Immigration Alert: March 2008

New H-1B Petitions Must be Filed on March 31, 2008

Ninth Circuit Refuses to Enjoin Arizona's New Employer Sanctions Law

DHS Raises Civil Fines For Employers Hiring Undocumented Workers

DHS Publishes Interim Rule on Immigration-Related Asset Forfeitures

State Department ("DOS") Institutes New PIMS Security System at U.S. Embassies and Consulates

DOS Issues March 2008 Visa Bulletin: Indian EB-2 is Still Unavailable

I. New H-1B Petitions Must Be Filed on March 31, 2008

During each federal fiscal year, the U.S. government is authorized to issue 65,000 new H-1B visas. An additional 20,000 new H-1B visas are available to foreign nationals who have obtained a master's degree or higher from accredited American universities. The fiscal year begins October 1, but employers are permitted to apply up to six months in advance. This means April 1, but the H-1B petitions must be mailed on March 31 so they are received by the government on April 1.

Last year, the entire H-1B quota for regular H-1B petitions was exhausted on the first day! The H-1B quota for those with U.S. master's degrees was exhausted shortly thereafter. This means that all new H-1B petitions must be filed on Monday, March 31, 2008, to have any chance for selection in this year's quota. As you may know, it takes time to prepare these H-1B petitions, so we strongly advise that you make the decision to file several weeks in advance of the March 31, 2008 deadline.

II. Ninth Circuit Refuses to Enjoin Arizona's New Employer Sanctions Law

On February 28, 2008, the United States Court of Appeals for the Ninth Circuit refused to enjoin temporarily county prosecutors from enforcing the Arizona Employer Sanction Immigration Law. (Chicanos por la Causa Inc. v. Napolitano, 9th Cir., No. 07-17272, Feb. 28, 2008). In its per curiam order, the Ninth Circuit stated:

Balancing the seriousness of the legal questions presented, the likelihood of success on the merits, the possibility of irreparable injury to appellants, and the evidence of hardship to both sides, we conclude the appellants have not shown that the case warrants a grant of temporary relief during the pendency of the expedited appeals.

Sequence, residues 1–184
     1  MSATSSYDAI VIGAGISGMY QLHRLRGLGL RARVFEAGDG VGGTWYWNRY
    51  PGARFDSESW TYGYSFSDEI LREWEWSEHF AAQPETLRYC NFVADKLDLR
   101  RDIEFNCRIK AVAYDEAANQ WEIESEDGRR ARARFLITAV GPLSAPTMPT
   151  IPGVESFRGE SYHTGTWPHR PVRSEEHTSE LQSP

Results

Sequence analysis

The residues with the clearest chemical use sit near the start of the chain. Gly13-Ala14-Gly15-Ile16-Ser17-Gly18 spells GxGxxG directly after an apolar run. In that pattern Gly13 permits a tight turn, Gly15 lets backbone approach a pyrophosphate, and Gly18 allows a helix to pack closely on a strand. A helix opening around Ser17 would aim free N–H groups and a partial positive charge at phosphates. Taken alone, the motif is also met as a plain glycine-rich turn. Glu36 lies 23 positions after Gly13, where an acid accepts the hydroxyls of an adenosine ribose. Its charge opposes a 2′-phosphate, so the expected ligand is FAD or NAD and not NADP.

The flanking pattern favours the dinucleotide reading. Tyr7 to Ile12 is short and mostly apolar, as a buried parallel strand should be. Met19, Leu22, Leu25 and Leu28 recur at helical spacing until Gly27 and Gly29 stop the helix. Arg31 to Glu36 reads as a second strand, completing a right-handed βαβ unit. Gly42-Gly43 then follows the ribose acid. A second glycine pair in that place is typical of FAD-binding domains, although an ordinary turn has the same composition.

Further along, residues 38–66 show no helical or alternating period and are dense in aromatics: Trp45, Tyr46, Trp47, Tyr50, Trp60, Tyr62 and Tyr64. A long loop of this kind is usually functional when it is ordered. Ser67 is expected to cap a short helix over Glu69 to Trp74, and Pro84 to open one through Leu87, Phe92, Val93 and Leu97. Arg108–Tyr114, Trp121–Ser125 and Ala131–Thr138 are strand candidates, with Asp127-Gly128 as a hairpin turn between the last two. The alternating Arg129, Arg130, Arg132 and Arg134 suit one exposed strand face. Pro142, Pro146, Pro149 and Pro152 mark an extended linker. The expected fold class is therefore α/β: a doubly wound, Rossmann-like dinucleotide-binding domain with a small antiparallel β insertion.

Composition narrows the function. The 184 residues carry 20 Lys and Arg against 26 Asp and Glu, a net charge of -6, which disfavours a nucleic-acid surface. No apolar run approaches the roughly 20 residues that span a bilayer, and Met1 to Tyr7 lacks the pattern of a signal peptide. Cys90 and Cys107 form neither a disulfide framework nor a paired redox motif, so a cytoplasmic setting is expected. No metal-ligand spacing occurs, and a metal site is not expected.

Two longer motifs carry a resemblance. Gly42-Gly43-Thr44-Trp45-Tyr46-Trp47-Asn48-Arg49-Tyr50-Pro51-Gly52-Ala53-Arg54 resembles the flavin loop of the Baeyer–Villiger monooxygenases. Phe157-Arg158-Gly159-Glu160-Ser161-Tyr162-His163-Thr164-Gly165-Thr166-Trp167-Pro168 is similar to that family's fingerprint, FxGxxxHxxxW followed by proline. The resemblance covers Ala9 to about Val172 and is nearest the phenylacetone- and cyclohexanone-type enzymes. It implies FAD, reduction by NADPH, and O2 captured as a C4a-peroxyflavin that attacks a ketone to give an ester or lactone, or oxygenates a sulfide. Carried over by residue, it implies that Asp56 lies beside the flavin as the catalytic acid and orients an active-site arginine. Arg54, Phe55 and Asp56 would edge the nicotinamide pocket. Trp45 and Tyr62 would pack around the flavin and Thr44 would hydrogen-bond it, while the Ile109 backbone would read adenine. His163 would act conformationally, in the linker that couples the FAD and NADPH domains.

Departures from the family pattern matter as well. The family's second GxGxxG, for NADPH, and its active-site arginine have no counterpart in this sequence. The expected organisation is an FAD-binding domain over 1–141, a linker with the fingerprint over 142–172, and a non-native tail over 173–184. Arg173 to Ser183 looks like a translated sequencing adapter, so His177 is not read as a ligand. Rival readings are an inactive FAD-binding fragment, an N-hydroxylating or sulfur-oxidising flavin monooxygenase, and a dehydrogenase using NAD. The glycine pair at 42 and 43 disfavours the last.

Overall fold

As a result of this ruling, Arizona counties now are able to enforce the law, which requires employers to use the federal E-Verify system to confirm the name and Social Security number of all new hires. Violators will face suspension or even revocation of their state licenses to conduct business.

A spokesman for the County indicated that the Ninth Circuit's order did not mean that large numbers of employers would immediately face sanctions because it would take time to collect the evidence required to begin enforcement. Employers in Arizona, however, should now be following the new law and should audit their workforce to ensure that they do not knowingly employ any undocumented worker.

III. DHS Raises Civil Fines For Employers Hiring Undocumented Workers

On February 22, 2008, the DHS announced a 25% increase in the civil fines that can be levied against employers who violate federal immigration laws. Under the new fine system, the maximum civil penalty for multiple violations will rise from $11,000 to $16,000. Additionally, some of the higher civil penalties for a first violation will increase by $1,000. The new rule will take effect on March 27, 2008. For additional information, you can access the February 26, 2008 Federal Register announcement at: